Joint maneuvers with US soldiers are causing alarm in the Republic of Moldova. The pro-Russia opposition has referred to the exercises as an invasion.
It's not the first time that the US army has taken part in military exercises with the formerly Soviet Republic of Moldova. This time, though, emotions ran high when about 200 US soldiers, dozens of armored vehicles and various examples of heavy equipment passed through villages and towns after crossing the border from Moldova. "I'm impressed, seeing these vehicles here," said Veaceslav, a man from Negresti, as he stood with a group of locals on the roadside, waving at the US soldiers. "I feel as if the liberators had finally come to us," he added.
Veaceslav and his fellow US supporters stand on one side of the public political divide. After Russia annexed Crimea and apparently supplied separatists in eastern Ukraine, Moldova's pro-EU government has tried to align the country with the United States and European Union. Joint military exercises with the United States represent another step in this direction. The pro-Russia opposition is doing everything it can to try and torpedo this course, and it currently enjoys more popular support. A presidential election is scheduled for this year, and the opposition candidate Igor Dodon currently tops all the opinion polls. The military maneuvers have created another opportunity for the Socialist leader to demonstrate his party's fighting spirit. The Socialists call the maneuvers an "American invasion" and claim that the presence of the US military contravenes Moldova's neutrality.
"What are the Americans doing here?" wondered Gennadiy, a worker from the town of Balti. "We're a neutral state. Why are they provoking Russia? Can't they see what's happening in Ukraine?"
Evdochia, a pensioner, agreed with that assessment. "Now NATO is here," she said, "bringing war." Not a single tank had crossed into her country back when the barbed wire was still up along the Romanian border.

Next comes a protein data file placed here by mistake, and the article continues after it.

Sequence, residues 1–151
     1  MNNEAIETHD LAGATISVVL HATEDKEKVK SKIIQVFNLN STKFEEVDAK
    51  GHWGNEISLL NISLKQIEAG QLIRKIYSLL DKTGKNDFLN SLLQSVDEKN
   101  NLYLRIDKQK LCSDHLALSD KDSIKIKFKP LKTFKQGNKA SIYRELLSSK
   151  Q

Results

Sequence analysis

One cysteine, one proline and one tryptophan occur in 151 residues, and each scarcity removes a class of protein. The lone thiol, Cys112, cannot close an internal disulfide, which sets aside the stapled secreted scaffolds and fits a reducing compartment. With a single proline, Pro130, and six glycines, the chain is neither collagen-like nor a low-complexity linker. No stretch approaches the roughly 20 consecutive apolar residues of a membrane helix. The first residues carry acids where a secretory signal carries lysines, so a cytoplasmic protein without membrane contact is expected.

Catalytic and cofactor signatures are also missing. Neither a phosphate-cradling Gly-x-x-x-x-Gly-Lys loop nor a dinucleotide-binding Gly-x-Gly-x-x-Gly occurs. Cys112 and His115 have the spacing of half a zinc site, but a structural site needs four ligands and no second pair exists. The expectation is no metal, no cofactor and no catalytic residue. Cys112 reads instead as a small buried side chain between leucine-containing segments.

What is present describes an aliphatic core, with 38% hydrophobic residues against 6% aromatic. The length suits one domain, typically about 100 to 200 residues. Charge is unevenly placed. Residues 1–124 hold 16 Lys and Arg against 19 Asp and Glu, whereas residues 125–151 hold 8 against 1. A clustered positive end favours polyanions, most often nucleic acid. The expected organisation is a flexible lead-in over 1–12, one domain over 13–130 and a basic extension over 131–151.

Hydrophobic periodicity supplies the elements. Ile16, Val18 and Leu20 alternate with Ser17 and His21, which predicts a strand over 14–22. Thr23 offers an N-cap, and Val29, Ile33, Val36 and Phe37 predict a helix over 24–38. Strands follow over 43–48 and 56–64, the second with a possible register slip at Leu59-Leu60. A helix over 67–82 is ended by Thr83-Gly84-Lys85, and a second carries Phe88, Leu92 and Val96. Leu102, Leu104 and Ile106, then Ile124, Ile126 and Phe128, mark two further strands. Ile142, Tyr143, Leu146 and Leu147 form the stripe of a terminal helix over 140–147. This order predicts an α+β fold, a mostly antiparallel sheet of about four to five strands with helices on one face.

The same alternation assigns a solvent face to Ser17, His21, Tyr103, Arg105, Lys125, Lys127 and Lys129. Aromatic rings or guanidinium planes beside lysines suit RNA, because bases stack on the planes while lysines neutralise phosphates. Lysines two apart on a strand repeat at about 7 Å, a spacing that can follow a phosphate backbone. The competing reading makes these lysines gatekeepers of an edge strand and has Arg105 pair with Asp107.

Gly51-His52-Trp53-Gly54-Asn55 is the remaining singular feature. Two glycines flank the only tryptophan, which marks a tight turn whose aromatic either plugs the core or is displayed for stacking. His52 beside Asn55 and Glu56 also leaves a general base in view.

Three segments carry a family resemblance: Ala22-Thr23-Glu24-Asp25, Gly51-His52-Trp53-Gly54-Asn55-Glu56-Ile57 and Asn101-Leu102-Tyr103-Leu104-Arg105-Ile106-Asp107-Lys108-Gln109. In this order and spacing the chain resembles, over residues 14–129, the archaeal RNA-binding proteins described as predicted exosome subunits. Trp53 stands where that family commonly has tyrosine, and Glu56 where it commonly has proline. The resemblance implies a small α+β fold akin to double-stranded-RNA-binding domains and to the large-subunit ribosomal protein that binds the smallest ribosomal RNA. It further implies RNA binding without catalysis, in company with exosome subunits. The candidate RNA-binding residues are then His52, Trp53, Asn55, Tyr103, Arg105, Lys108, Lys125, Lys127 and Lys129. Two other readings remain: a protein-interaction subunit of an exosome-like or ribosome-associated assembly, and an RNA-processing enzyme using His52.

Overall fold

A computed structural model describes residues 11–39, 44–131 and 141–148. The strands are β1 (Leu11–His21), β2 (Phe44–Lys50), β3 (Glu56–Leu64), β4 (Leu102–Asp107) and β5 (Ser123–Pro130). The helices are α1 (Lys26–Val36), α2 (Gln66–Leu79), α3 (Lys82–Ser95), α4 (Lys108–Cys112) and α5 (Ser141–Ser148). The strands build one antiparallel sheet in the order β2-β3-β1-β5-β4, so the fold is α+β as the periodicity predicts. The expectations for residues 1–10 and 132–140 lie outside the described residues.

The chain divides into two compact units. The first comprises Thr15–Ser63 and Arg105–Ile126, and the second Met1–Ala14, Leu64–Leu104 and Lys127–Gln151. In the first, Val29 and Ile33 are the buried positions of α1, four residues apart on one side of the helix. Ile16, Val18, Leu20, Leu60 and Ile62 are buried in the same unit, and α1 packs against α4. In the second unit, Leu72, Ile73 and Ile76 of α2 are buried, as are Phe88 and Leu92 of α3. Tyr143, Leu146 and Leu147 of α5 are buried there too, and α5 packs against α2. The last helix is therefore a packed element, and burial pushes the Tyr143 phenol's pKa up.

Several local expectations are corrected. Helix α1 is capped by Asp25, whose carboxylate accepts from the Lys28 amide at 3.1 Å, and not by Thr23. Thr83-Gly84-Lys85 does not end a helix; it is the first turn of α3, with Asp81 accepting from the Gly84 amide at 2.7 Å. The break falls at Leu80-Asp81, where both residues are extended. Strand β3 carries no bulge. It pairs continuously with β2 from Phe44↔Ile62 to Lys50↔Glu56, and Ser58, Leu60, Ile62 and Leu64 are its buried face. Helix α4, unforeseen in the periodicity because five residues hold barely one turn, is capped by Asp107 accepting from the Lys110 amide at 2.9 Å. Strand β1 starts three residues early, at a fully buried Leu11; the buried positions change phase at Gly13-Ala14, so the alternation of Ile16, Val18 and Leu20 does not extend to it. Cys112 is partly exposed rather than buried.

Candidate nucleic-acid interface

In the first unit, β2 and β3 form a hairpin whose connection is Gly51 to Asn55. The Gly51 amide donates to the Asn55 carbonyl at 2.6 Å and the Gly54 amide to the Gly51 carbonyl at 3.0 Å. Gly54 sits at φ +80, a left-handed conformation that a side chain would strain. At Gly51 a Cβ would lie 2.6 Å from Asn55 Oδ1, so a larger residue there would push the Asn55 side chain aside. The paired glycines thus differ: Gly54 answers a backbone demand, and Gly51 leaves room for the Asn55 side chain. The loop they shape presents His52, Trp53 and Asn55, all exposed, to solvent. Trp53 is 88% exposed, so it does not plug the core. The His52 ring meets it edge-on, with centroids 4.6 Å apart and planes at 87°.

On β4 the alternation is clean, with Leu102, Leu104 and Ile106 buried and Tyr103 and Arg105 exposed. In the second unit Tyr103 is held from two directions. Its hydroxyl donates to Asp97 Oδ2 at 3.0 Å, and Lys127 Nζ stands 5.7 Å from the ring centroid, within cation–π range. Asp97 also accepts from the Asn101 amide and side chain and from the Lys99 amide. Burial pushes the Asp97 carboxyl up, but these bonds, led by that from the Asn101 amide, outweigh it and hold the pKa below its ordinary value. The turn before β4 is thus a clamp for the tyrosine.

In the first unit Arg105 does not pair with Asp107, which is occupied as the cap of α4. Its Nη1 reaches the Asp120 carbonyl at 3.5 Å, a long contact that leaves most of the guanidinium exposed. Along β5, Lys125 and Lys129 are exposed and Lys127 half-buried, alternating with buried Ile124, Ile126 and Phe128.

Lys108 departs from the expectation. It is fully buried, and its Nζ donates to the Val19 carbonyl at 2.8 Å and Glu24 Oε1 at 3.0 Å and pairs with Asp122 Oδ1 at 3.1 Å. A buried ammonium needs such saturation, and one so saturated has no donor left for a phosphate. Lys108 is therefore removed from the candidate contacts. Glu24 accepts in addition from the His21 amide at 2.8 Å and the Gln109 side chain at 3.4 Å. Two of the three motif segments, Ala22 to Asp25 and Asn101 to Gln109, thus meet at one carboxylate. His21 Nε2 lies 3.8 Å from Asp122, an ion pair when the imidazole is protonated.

'Against the invasion'
Last week, the Socialists organized a protest "against the invasion" by the United States. When the first US tanks arrived at the border crossing in Sculeni, they were greeted on one side by young people who carried banners with such slogans as "NATO and Europe are saving Moldova." But the US soldiers would have seen such signs earlier had the convoy not been held up by a group of Socialist parliamentarians who blocked the crossing for an hour. On their chests they wore the Ribbon of St. George: an old symbol of the Russian and later the Soviet Army. They demanded that the US soldiers show their papers. Party leader Dodon posted photos of the Socialist border control on Facebook and received widespread media attention.
In Chisinau, the pro-EU government is under pressure. Defense Minister Anatol Salaru said joint military exercises were a part of normal bilateral cooperation and in no way undermined Moldova's neutrality. There was only one country threatening neutrality, Salaru said: "This state has stationed its occupying troops in Transnistria" - a reference to the roughly 2,000 Russian soldiers stationed in a separatist, self-declared independent region, considered by most transnational bodies to belong to Moldova. Back in 1999, Russia announced that it would withdraw its soldiers from the region, but the troops are still there, and have been put on high alert because of the maneuvers.
On Monday, Moldova will mark both Victory Day, which celebrates the defeat of Nazi Germany in World War II, and the country's own liberation from the Soviet Union. A planned military exhibition will present the US army and its heavy equipment alongside Moldova's own forces.
This is why Dodon has called for supporters of the Socialists to protest in Chisinau against the presence of the United States in Moldova's capital on Victory Day - much to the annoyance of US Ambassador James Pettit. He quickly reminded Moldovans of the many sacrifices made by the Allies - including, of course, the United States - in the war against Hitler's Germany.
But historical truths often get lost in election campaigns. In any case, Gennadiy, the worker from Balti, thinks Dodon is right. The young man enthusiastically quoted a political scientist from Russian television who recently warned of an "occupation of Moldova by the US Army." The Americans have no business in Chisinau on the day of the Soviet victory over Nazi Germany, Gennadiy said, and he is not alone in this view. This symbolically significant May 9 in Chisinau could show how many people see things Gennadiy 's way - and how many support the government's pro-EU course.